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Rob L
Rob L
Aug. 27, 2014 3:40 pm

Can I enter the contest now?

rawraw
rawraw
Aug. 27, 2014 4:51 pm

This is when the real risk comes to LC in my opinion. Hopefully the excellent management we’ve seen thus far doesn’t get derailed by pressures to beat earnings estimates.

Dan B
Dan B
Aug. 27, 2014 7:49 pm
Reply to  Peter Renton

I suspect the vast majority of lenders here couldn’t care less if LC hit their numbers or not if there wasn’t that inherent risk to the LC issued notes & therefore risk to lenders’ money. Some of that risk Rawraw speaks of would of course be sharply decreased if LC were to set up a BRV (like Prosper has),to shield the notes from some potential future negative event. Sadly that option has been floated but so far it has gone nowhere.

Should it not be the duty of the so called “experts” & p2p educator to see that this type of issue is kept on the forefront & to keep reminding LC that this is something that retail investors should also have the right to……………….just like their institutional & hedge fund investors have had for a year now? I would think that if a site or blog is truly here to serve the retail investor then being at the front of such an issue & hammering away at it is really the least they could do. It’s easy to say you’re all for the small retail investor. Actions & results speak louder though.

Dan B
Dan B
Aug. 27, 2014 8:26 pm
Reply to  Peter Renton

Well if that is the problem then I have a simple solution. Do their IPO, gain the blue sky exemption…………..then put the BRV in place for all notes starting from the day they gain the blue sky going forward & covering investors from all 50 states.
Please forward my $500 bill to your buddies at LC.

SarahV
Aug. 28, 2014 2:40 pm
Reply to  Peter Renton

Of course they announce the IPO that will allow people in my state to invest on the retail platform four days before I move to a state that isn’t Folio-only… 🙂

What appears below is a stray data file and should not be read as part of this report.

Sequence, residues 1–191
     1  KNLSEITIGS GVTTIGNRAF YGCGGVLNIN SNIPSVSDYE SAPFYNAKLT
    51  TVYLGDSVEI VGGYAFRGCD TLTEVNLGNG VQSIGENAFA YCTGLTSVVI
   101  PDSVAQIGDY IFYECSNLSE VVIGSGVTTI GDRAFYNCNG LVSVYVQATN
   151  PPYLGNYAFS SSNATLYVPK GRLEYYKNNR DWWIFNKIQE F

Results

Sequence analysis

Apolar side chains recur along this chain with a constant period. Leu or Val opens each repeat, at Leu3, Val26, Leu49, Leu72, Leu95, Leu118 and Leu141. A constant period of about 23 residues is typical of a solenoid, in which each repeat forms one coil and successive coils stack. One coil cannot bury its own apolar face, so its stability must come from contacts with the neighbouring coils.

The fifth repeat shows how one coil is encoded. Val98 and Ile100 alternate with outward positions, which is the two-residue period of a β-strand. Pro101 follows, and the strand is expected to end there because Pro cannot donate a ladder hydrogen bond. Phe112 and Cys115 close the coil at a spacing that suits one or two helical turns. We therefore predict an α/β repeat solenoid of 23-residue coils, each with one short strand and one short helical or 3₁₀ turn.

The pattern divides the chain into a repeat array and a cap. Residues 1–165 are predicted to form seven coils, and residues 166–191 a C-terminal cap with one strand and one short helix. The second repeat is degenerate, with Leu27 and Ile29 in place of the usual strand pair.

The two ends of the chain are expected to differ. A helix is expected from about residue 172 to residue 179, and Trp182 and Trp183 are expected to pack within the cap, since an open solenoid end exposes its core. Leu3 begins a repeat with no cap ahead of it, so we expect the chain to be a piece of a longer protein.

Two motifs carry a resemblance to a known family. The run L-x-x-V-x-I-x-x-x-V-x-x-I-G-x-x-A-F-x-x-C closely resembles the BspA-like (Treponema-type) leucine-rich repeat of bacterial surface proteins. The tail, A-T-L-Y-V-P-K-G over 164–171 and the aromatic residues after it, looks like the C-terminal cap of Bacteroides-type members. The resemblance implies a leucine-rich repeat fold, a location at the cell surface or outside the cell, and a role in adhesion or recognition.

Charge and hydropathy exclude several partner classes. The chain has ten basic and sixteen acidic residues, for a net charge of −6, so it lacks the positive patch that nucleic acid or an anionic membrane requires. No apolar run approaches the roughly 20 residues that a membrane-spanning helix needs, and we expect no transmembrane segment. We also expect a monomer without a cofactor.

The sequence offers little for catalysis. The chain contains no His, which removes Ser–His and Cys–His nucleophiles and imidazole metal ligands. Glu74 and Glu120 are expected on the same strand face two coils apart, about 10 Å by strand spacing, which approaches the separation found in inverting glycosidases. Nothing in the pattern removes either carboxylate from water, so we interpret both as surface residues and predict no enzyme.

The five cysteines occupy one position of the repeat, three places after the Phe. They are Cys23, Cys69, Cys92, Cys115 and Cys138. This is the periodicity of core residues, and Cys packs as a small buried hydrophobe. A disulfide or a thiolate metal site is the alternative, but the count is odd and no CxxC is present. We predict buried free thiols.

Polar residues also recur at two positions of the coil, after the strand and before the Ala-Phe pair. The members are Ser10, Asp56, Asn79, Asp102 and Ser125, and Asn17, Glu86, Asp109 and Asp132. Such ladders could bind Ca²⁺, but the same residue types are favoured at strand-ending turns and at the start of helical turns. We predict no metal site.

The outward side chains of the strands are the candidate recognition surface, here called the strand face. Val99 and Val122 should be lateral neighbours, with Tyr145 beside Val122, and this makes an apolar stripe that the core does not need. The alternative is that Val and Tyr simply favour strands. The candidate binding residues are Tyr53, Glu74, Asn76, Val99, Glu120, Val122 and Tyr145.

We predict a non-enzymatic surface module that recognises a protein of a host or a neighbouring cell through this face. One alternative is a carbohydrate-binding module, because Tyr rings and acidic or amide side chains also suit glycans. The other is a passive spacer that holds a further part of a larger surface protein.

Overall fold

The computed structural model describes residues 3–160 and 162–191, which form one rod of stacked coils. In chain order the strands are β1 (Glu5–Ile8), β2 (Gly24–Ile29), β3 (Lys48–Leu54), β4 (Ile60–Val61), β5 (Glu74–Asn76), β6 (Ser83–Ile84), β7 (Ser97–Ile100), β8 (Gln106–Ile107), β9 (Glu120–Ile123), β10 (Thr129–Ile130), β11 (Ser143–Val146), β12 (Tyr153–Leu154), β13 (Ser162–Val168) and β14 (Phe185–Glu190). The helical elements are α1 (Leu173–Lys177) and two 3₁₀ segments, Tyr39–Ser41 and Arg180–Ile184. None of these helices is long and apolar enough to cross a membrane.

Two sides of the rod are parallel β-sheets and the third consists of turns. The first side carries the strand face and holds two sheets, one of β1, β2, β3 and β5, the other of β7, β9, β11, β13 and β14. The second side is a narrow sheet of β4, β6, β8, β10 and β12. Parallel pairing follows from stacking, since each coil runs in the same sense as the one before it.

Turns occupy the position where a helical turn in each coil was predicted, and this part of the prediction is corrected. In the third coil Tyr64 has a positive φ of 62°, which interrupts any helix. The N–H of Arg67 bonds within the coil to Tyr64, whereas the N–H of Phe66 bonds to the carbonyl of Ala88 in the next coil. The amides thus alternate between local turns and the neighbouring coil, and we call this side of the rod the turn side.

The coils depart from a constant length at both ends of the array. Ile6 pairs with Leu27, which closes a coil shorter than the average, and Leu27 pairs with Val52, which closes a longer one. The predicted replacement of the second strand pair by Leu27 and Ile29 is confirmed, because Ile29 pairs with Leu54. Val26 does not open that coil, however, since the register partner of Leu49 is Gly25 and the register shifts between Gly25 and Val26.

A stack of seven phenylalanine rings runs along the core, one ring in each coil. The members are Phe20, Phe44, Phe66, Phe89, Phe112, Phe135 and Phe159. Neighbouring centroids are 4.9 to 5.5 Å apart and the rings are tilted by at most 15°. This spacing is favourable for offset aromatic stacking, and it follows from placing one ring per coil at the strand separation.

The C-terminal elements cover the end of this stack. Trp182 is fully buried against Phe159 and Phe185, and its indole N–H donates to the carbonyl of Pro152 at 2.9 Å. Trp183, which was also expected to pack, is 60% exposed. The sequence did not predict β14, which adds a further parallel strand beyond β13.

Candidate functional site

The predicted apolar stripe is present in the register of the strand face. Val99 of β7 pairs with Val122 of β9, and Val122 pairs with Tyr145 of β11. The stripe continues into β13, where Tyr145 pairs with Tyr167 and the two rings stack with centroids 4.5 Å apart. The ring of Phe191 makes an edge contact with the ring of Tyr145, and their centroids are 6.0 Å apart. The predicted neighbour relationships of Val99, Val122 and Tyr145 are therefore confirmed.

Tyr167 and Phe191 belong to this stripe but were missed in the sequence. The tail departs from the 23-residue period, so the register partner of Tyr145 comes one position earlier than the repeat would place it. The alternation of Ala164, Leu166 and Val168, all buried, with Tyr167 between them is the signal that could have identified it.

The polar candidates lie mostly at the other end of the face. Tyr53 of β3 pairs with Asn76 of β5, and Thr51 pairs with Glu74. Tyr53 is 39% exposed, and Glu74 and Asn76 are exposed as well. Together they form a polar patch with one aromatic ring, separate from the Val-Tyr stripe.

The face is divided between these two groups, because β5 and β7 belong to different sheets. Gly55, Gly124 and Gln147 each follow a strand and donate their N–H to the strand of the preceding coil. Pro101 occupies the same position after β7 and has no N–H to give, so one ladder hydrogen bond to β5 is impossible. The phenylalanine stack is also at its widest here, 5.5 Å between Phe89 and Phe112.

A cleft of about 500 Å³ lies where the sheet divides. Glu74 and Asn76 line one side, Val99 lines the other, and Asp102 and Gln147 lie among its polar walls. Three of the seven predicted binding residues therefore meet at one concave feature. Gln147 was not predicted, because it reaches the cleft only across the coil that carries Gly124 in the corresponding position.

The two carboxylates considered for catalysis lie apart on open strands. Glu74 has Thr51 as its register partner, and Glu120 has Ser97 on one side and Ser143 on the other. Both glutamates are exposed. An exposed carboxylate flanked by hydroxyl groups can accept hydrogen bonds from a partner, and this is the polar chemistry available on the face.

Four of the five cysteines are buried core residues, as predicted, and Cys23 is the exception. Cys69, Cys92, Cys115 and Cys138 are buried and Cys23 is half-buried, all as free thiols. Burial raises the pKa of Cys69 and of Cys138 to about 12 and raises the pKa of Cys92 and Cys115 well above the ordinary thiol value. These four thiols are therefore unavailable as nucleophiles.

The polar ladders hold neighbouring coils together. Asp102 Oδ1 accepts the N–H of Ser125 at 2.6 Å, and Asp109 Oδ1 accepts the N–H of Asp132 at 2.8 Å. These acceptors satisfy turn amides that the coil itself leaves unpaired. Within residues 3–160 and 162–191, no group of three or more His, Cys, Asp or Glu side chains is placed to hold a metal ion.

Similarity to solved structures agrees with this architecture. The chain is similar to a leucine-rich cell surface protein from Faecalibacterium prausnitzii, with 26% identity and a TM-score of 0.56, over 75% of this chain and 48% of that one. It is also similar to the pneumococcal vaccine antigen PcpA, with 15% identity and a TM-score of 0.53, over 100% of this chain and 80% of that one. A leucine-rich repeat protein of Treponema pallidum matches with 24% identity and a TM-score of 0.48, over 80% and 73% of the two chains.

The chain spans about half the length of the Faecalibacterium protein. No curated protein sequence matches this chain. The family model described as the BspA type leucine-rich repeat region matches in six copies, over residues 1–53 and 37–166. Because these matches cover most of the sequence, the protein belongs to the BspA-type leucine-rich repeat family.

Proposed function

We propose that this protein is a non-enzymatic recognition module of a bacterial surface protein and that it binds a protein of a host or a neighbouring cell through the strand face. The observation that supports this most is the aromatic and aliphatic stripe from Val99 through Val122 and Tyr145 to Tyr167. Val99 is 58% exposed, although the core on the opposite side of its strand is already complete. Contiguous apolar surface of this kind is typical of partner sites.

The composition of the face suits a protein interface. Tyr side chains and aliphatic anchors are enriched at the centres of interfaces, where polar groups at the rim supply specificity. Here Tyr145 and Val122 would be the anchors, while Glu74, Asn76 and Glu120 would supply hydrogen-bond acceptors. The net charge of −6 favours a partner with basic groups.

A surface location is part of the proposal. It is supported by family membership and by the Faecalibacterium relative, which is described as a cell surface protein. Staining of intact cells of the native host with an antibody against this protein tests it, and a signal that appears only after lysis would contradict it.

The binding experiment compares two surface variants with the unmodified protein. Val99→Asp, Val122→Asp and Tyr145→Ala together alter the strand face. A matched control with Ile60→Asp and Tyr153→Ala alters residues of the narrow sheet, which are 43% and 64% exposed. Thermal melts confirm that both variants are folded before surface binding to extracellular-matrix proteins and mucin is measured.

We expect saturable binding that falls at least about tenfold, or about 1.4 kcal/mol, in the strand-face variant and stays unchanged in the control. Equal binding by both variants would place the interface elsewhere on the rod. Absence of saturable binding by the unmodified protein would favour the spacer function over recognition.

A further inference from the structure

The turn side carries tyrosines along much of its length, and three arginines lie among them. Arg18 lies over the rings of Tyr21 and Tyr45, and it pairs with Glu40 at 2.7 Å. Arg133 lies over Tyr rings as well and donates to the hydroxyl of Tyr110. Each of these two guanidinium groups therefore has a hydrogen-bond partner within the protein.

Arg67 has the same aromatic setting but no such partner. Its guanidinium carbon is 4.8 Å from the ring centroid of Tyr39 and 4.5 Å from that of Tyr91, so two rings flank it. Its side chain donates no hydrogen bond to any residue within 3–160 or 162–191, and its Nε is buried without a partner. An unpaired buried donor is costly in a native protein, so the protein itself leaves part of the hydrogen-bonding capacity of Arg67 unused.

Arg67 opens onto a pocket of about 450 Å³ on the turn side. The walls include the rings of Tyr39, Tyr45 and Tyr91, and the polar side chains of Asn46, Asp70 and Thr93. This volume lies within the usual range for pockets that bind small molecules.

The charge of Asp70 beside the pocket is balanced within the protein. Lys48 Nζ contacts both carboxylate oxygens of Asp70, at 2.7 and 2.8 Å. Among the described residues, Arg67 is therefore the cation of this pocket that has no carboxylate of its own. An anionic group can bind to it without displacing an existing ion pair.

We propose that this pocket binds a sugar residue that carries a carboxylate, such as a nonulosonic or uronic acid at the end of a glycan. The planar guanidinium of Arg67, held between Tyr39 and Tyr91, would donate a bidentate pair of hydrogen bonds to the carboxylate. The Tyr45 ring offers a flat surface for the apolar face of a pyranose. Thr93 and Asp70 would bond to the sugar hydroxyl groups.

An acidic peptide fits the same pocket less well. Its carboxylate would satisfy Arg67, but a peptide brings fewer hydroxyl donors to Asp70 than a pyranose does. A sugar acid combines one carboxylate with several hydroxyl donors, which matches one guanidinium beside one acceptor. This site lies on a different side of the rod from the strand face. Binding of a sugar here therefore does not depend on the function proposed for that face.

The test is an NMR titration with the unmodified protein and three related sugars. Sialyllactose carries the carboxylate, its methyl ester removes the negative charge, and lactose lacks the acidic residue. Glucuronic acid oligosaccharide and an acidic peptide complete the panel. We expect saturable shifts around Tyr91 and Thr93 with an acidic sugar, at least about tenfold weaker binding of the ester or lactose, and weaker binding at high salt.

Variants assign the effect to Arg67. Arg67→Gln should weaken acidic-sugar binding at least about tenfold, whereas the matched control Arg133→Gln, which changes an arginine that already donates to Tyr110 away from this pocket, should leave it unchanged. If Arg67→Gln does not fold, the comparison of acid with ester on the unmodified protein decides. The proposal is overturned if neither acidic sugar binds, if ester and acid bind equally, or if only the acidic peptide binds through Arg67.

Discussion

I’m still out of the note game due to general life and work insanity (last 4.5 months = the company that employed me was salvaged out of bankruptcy by my previous employer, half the company got laid off, I was promoted to CEO, and we decided to move operations to New York). But I would love to invest some of my play money in Lending Club stock if it looks to be valued semi-reasonably…

SarahV
SarahV
Aug. 29, 2014 7:17 am
Reply to  Peter Renton

For me it would be strictly a long-term investment with my “play” money. I just got my 401k rolled over to my IRA last week, and redid my portfolio from top to bottom. There’s about 3% set aside for playing in the stock market that I haven’t had time to fully invest yet. I think I will probably buy LC regardless, but the higher the market cap the less $$ I’d put in…

JJ Hendricks
JJ Hendricks
Aug. 28, 2014 8:53 am

Can you ask Bo what the average window is between S-1 filing and IPO? Assuming all goes smoothly.

Data I saw looked like 30-45 days on average, which puts IPO in early to mid October. But I don’t have first hand experience in the industry so I would like to know rough time frame from someone in industry.

Bo Brustkern
Bo Brustkern
Aug. 28, 2014 10:35 am
Reply to  JJ Hendricks

Hi JJ. From my experience, 30-45 calendar days feels about right. Timing for Lending Club’s IPO may be shorter (they’re pros at S-1 filings already), or longer (LC is more complex and regulated than a typical internet co). There’s a good post on Quora about the standard process here. Go on and upvote it here:
https://www.quora.com/How-long-does-it-take-between-a-company-filing-to-IPO-and-the-IPO-itself

JJ Hendricks
JJ Hendricks
Aug. 29, 2014 4:38 pm
Reply to  Bo Brustkern

Thanks for the reply and link to more info. I have been debating back and forth with myself about Lending Club taking more or less time than average for the exact reasons you mentioned.

Will
Aug. 28, 2014 8:58 am

Mr. Money Mustache brought me here. No doubt he helped quicken the road to their IPO as well. Thanks for the succinct update.

Bryce Mason
Aug. 28, 2014 11:40 am

Help me reconcile the two statements that (1) LC is in a quiet period, barred from talking and (2) they go on a road show to convince institutions to buy the stock.

Dan B
Dan B
Aug. 28, 2014 4:33 pm
Reply to  Bryce Mason

Road shows are exactly that…………..”shows”. Any show promoter worth anything knows how to put one together that insures a friendly audience. This explains why some of us don’t get invited to “shows” like the Lendit “shows”. Yes, here it comes……….. everyone is welcome, yada yada yada. But we know the truth. 🙂

Quiet period insures that a free for all doesn’t break out & helps buffer out uncomfortable questions from people that don’t get invited to “shows”.